Category Archives: Groovy

Guava: Testing equals(..) and hashcode(..)

PROBLEM

Let’s assume we want to test the following equals(..):-

public class Person {
    private String name;
    private int age;

    @Override
    public boolean equals(Object o) {
        if (o == null || getClass() != o.getClass()) {
            return false;
        }

        Person person = (Person) o;
        return Objects.equal(name, person.name);
    }

    @Override
    public int hashCode() {
        return Objects.hashCode(name);
    }

    public String getName() {
        return name;
    }

    public void setName(String name) {
        this.name = name;
    }

    public int getAge() {
        return age;
    }

    public void setAge(int age) {
        this.age = age;
    }
}

A correctly implemented equals(..) must be reflexive, symmetric, transitive, consistent and handles null comparison.

In another word, you have to write test cases to pass at least these 5 rules. Anything less is pure bullshit.

SOLUTION

You can write these tests yourself… or you can leverage Guava’s EqualsTester. This library will test these 5 rules and ensure the generated hashcode matches too.

First, include the needed dependency:-

<dependency>
    <groupId>com.google.guava</groupId>
    <artifactId>guava-testlib</artifactId>
    <version>18.0</version>
    <scope>test</scope>
</dependency>

Instead of writing JUnit tests, I’ll be writing Spock specs, which is essentially built on top of Groovy, because it allows me to write very clear and clean tests.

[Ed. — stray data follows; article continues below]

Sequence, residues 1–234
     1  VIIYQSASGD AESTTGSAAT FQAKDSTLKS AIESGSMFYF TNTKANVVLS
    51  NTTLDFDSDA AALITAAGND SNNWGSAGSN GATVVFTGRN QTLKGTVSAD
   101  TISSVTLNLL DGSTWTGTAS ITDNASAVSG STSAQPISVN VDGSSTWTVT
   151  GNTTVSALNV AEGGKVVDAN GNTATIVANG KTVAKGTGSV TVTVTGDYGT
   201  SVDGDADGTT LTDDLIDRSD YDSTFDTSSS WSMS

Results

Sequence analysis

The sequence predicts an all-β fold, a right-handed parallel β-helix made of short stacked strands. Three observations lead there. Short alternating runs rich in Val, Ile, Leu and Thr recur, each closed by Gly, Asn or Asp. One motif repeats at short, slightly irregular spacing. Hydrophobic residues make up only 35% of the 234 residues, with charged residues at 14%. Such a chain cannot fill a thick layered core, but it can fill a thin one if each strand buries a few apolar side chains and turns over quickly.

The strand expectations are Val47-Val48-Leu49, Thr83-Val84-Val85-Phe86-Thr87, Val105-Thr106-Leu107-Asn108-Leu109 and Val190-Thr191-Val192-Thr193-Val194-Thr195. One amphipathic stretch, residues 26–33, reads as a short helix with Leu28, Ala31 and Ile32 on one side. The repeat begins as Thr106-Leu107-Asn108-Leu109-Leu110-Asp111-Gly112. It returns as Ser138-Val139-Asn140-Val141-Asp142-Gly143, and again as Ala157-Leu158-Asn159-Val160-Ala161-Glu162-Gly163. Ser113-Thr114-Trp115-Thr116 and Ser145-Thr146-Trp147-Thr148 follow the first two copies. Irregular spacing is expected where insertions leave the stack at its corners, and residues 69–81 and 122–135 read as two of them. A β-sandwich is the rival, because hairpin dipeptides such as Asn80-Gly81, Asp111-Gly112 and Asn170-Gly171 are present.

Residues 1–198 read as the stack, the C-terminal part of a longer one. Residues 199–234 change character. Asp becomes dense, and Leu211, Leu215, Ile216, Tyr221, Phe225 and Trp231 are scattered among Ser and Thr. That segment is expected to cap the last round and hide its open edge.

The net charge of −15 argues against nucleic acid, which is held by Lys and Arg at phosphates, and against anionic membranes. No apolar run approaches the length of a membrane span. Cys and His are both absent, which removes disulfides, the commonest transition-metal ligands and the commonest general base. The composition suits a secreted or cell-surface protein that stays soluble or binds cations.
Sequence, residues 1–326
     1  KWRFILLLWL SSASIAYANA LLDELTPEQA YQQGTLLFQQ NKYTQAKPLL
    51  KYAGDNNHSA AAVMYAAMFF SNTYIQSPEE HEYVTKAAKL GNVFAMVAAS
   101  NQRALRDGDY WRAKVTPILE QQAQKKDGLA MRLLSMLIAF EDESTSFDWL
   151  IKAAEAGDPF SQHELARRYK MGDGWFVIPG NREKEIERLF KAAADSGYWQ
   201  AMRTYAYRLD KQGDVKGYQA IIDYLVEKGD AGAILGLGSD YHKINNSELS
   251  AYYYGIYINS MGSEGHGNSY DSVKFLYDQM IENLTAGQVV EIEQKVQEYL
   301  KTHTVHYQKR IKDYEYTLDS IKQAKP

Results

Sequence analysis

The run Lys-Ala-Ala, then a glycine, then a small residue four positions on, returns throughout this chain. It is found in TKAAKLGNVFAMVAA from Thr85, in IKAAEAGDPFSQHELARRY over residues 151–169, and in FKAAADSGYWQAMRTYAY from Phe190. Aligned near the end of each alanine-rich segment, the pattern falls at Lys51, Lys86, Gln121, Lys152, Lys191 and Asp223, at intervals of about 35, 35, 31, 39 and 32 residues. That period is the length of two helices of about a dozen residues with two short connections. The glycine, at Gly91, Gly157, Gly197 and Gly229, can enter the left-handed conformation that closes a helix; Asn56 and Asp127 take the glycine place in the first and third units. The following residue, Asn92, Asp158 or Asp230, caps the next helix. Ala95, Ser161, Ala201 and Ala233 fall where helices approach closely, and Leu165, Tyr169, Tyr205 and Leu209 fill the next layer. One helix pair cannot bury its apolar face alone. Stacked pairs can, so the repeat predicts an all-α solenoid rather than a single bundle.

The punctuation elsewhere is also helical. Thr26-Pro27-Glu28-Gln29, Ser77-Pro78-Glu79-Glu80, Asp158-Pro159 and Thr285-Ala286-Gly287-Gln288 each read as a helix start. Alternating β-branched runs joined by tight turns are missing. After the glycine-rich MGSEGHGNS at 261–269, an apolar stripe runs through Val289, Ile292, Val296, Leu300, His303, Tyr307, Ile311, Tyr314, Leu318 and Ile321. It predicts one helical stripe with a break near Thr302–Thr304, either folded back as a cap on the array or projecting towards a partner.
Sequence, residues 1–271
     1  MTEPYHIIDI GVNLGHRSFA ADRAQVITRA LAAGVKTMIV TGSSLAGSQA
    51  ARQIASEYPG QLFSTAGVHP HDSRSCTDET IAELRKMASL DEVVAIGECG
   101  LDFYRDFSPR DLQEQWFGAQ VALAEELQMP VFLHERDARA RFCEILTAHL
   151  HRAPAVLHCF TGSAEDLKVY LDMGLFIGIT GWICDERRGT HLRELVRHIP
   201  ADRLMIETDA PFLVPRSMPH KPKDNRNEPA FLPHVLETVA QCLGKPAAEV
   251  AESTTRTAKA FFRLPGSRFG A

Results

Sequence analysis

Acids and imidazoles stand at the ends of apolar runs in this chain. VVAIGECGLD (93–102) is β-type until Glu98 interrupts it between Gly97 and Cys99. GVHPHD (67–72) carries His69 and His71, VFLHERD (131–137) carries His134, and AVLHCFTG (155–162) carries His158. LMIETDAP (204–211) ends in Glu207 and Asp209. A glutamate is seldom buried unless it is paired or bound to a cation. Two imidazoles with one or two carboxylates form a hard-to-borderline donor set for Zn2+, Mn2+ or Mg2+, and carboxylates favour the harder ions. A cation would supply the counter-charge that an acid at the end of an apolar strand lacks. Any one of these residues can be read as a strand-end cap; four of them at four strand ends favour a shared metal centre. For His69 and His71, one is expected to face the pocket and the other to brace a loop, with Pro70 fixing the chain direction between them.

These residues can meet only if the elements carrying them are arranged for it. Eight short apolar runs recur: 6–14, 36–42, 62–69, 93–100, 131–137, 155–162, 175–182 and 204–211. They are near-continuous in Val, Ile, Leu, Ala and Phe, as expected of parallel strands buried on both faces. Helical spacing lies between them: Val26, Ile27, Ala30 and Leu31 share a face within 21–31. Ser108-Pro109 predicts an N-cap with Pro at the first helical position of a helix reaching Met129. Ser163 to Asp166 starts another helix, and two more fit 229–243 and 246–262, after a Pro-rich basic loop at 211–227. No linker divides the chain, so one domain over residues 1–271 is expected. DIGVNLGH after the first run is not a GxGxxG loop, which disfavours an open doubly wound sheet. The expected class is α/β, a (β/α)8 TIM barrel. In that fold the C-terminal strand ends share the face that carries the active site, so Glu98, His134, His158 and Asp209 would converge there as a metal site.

class PersonSpec extends Specification {

    def person = new Person(name: 'Mike', age: 10)

    def "equals - equal"() {
        when:
        new EqualsTester().
                addEqualityGroup(person,
                                 new Person(name: 'Mike', age: 10),
                                 new Person(name: 'Mike', age: 20)).
                testEquals()

        then:
        notThrown(AssertionFailedError.class)
    }

    def "equals - not equal"() {
        when:
        new EqualsTester().
                addEqualityGroup(person,
                                 new Person(name: 'Kurt', age: 10)).
                testEquals()

        then:
        thrown(AssertionFailedError.class)
    }
}

Oh… wait for it… BOOM!

Java + Groovy: Creating Immutable List

Java: Mutable List

// class java.util.Arrays$ArrayList
final List mutableList = Arrays.asList(1, 2, 3);

Java: Immutable List

// class java.util.Collections$UnmodifiableRandomAccessList
final List immutableList = Collections.unmodifiableList(Arrays.asList(1, 2, 3));

Java: Immutable List using Guava

// class com.google.common.collect.RegularImmutableList
final ImmutableList guavaImmutableList = ImmutableList.of(1, 2, 3);

Groovy: Immutable List

// class java.util.Collections$UnmodifiableRandomAccessList
final def groovyImmutableList = [1, 2, 3].asImmutable()

Comparing Disassembled Java Class From JVM Languages

All JVM languages come with some degrees of syntactic sugar to make the code easier to read and write.

To satisfy my curiosity, I decided to run javap command to disassemble the bytecode inside the class file generated from several JVM languages. The chosen languages are Java, Groovy, Scala, JRuby and Rhino. I left out Clojure because the syntax does not compute for me after having my heavy lunch.

JAVA

Source Code

public class JavaPerson {
    private String name;
    private int age;

    public JavaPerson(String name, int age) {
        this.name = name;
        this.age = age;
    }

    public String getName() {
        return name;
    }